Joan, a successful kitchen designer, comes from a family of seven siblings, three of whom have epilepsy. Joan herself was diagnosed with the condition at the age of 11 and was happy that her twin sister was not similarly affected. As Joan herself says “I could cope with it but I didn’t want her to have it”. Epilepsy appears to run in the family, as Joan believes her father’s sister may have had the condition and she thinks that her father, although not officially diagnosed, may have had ‘petit mals’. Joan herself has two sons, one of whom has also been diagnosed with epilepsy.
Joan, who readily admits that her memory is not as good as she would like, says that her first memory of being diagnosed is when she was at secondary school and she woke up in hospital, with her mother by her bedside, unaware of what had happened. She was didn’t know where she was and she had no memory of the seizure itself. She remembers sleeping a lot – on and off – whilst she stayed in hospital. The second time it happened she remembers that “the whole school had stopped, and through a haze I saw that all the children were lined up as I was taken by ambulance to the hospital”. Joan remembers that this went on for years, even to the point that some of her school friends would ask her to “have fits” so that they didn’t have to go to the French lesson! Mostly though Joan did not remember the seizures themselves, but does recall feeling very tired after an episode and would sleep through most of the day. On one memorable occasion she had two seizures in a day and slept for most of the week after. Finally Joan was referred to a specialist who kept a close eye on her and her medication. If she suffered a seizure at home, she was taken to the doctor who would check her over, monitor her drug regime and make any adjustments that he thought necessary. If the seizure took place at school, she would be taken to hospital. In hindsight, Joan recalls feeling angry before a seizure, and had a kind of premonition “I felt it coming on. I knew I was going to have one and would try to fight it …. but you can’t”.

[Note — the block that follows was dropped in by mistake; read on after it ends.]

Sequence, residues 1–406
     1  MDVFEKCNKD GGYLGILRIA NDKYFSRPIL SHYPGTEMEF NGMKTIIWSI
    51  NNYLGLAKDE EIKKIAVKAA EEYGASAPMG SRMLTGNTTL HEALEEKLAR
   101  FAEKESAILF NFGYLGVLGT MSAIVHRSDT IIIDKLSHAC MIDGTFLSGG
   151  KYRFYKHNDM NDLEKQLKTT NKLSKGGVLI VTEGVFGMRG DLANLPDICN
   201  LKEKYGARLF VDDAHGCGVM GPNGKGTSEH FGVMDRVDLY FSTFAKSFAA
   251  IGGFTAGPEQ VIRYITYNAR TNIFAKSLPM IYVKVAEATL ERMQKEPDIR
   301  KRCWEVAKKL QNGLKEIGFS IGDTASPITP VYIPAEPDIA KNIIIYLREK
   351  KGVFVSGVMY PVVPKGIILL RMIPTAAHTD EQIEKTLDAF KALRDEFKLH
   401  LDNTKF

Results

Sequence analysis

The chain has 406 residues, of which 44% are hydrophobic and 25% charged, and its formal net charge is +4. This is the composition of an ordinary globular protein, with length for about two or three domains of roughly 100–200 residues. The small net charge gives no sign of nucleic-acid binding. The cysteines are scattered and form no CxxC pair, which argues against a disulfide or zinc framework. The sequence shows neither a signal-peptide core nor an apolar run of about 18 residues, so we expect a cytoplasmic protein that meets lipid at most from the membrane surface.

From the ages of 11-15 Joan’s epilepsy was not well controlled as the doctors and specialists tried to find the best drug regime to control her condition. Finally, Joan was prescribed Phenobarbital, which she believes had an effect on her memory. Her medication was then changed to Phenytoin, which suited her well and meant that she was seizure free for 20 years.
However, Joan believes that her long term memory was severely affected as she does not remember episodes from her childhood that her twin sister happily recalls. After 20 seizure free years, Joan’s seizures recently returned. She has now been prescribed lacosamide, which she seems to tolerate well; her seizures are controlled and she feels less sleepy. Happily, within the last couple of months Joan has got her driving licence back and has treated herself to a new car.
Joan’s son Richard was diagnosed with epilepsy at 17, when he had just got his driving licence. Joan says that she was “devastated at the time as I really didn’t want him to have it. But we don’t let it rule our lives”. Richard is now 26 and happily married. His condition is medically controlled, he is working and he is now driving again.
Joan firmly believes that research is the way forward “It is 100% important. Breatkthroughs in research will help us to find out more but we need to let people know. Raising awareness is important”. As Joan reflects on her life she says “I wish I hadn’t been afraid to talk about it …..of being judged. I realise that people said a lot of negative things to me – because they didn’t know and don’t understand epilepsy. So I spent years not telling anyone … now I couldn’t give a hoot. I sometimes think if I was to say to a stranger ‘what is my disability?’ they wouldn’t be able to say and might think it is that I am short!”
This typifies Joan’s lovely warm character and her philosophy, which is best summed up in her own words “You just get on with it ….. you could have a lot worse things”